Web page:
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Child Marriage Rates in Pakistan, Myanmar and Cambodia
Gallup Blog

Child Marriage Rates in Pakistan, Myanmar and Cambodia

by Pablo Diego-Rosell and Jacqueline Joudo Larsen

WASHINGTON, D.C. -- Millions of children worldwide marry or enter a union before the age of 18, which can damage their prospects in life, as well as those of their offspring. To help the international community tackle the problem of child marriage, Gallup recently conducted three nationally representative surveys about child marriage in Asia, covering Cambodia, Myanmar and Pakistan. The results are as striking as is the lack of consistent, reliable data on this global problem.

In These Three Countries, 19 Million Married or Entered a Union as Children

Gallup asked people aged 15 and older what age they were when they started living with their first spouse or partner. Based on their responses, we estimate that there are 19 million women and men in these three countries who married or entered a union before the internationally accepted age of 18. Of these, Pakistan alone accounts for nearly 16 million, or 13% of its 15-and-older population.

These countries, like many others, make some exceptions to the minimum age of consent for marriage. In Pakistan, the legal age for marriage is 16 for women and 18 for men. Children in Cambodia as young as 16 can legally marry when parental permission is given. In Myanmar, the legal age is even younger for those with parental permission -- 14. Even when considering a lower age threshold of 16, there are still large numbers of men and women who married or entered a union as children, particularly in Pakistan, where 6% of the population aged 15 and older, about 7 million people, married or entered a union before age 16.


Young Girls Are Most at Risk

Child marriage affects both genders, but it is most potentially damaging to a girl's development. Child brides often drop out of school and become pregnant, and these early pregnancies have a greater risk of ending in maternal or infant death. Child brides are also at greater risk of sexual violence, abuse, social isolation and exploitation. In addition to being more vulnerable once they enter into marriage, girls are also much more likely to marry early than are boys. In Pakistan, one in four women (24.7%) were married before they turned 18, compared with just 1.4% of men. While less pronounced, this gender gap is also notable in Myanmar and Cambodia.


For these reasons, the international community established a goal to end child marriage by 2030 as one of the Sustainable Development Goals (SDG Target 5.3) and prioritized the prevalence of child marriage among girls as a key indicator of progress toward this target.

Child Marriage Rates Are Decreasing Worldwide -- or Are They?

Gallup's World Poll data and other sources show that child marriage rates are generally decreasing around the world. Gallup collected data on age at first marriage/union from a representative sample of residents aged 15 and older in Pakistan, Myanmar and Cambodia, which allows for a comparison of different age cohorts to analyze how child marriage rates have evolved over time.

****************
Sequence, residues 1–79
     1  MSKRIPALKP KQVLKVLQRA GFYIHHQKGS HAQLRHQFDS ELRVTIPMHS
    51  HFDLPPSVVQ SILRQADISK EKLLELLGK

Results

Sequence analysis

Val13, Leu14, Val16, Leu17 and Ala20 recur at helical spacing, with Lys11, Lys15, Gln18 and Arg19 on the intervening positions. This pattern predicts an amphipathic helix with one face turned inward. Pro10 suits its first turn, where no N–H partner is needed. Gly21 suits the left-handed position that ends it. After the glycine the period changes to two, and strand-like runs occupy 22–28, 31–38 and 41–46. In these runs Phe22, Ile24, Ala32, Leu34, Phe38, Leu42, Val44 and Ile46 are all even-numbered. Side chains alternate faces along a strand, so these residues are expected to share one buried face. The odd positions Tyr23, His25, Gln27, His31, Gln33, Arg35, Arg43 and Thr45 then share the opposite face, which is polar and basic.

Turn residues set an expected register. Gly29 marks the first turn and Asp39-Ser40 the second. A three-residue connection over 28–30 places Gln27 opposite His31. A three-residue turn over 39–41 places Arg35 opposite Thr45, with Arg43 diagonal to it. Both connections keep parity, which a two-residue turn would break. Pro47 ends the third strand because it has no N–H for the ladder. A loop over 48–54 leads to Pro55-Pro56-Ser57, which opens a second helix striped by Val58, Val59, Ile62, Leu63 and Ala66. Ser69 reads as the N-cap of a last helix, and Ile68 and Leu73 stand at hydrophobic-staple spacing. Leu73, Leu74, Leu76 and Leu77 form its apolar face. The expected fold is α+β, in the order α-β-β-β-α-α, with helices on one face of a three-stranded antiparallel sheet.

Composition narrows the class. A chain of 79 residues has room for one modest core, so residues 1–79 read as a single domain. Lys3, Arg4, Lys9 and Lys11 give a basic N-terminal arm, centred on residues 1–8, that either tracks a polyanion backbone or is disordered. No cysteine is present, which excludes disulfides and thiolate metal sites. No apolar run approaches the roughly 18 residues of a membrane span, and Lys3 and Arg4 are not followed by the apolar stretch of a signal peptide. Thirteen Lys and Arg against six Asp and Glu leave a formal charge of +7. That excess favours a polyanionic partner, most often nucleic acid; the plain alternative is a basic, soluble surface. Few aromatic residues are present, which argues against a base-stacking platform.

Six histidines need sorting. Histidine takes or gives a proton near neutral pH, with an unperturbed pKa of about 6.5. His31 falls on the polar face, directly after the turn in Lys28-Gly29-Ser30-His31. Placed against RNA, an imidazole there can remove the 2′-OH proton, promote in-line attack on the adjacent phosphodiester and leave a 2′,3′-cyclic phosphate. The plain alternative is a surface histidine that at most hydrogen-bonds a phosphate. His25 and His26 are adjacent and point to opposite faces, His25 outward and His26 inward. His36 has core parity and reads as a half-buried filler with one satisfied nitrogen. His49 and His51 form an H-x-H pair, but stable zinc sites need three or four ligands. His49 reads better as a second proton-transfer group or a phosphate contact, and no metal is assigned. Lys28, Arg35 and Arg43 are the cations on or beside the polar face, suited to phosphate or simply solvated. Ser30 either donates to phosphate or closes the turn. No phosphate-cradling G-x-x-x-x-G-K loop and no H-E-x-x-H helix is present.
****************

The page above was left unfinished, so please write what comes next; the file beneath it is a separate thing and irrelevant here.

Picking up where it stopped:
Rather encouragingly, child marriage rates appear to be in a steady decline, particularly in Pakistan. Among Pakistanis in the 15-to-19 age group, only 8% say they married or entered a union before age 18, compared with 15% of Pakistanis aged 30 and older. Progress in Myanmar, on the other hand, seems less steady; there has actually been an uptick in child marriage rates among residents in the 15-to-19 age cohort.


Unfortunately, nationally representative surveys on child marriage are scarce, and measuring progress toward SDG Target 5.3 and other child marriage indicators is not easy. One major challenge is that many of the official surveys on child marriage are dated. For example, the most recent official survey in India, the National Family Health Survey (NFHS), dates back to 2006. Other countries don't have any official data -- and international research programs on the topic, including USAID's Demographic and Health Surveys (DHS) and UNICEF's Multiple Indicator Cluster Surveys (MICS), only provide partial geographic coverage. To date, there are no official figures on the prevalence of child marriage in 74 countries, including large ones such as Argentina, China, Myanmar and Russia.

The absence of regular, reliable data on child marriage across countries was noted recently in another report featuring Gallup data -- Global Estimates of Modern Slavery -- produced by the International Labour Organization and Walk Free Foundation, in partnership with the International Organization for Migration. This report includes data on forced marriage, defined as a marriage that is self-reported as "forced and without consent," irrespective of age. This concept, which overlaps child marriage, feeds into another SDG on modern slavery (SDG 8.7). While the Global Estimates of Modern Slavery report does not cover every instance of child marriage because of gaps in available data, Gallup's recent surveys clearly show that consistent, global measurement of the scale of child marriage is possible.

Jacqueline Joudo Larsen is Senior Research Manager at the Walk Free Foundation. Pablo Diego-Rosell is a Senior Researcher at Gallup.

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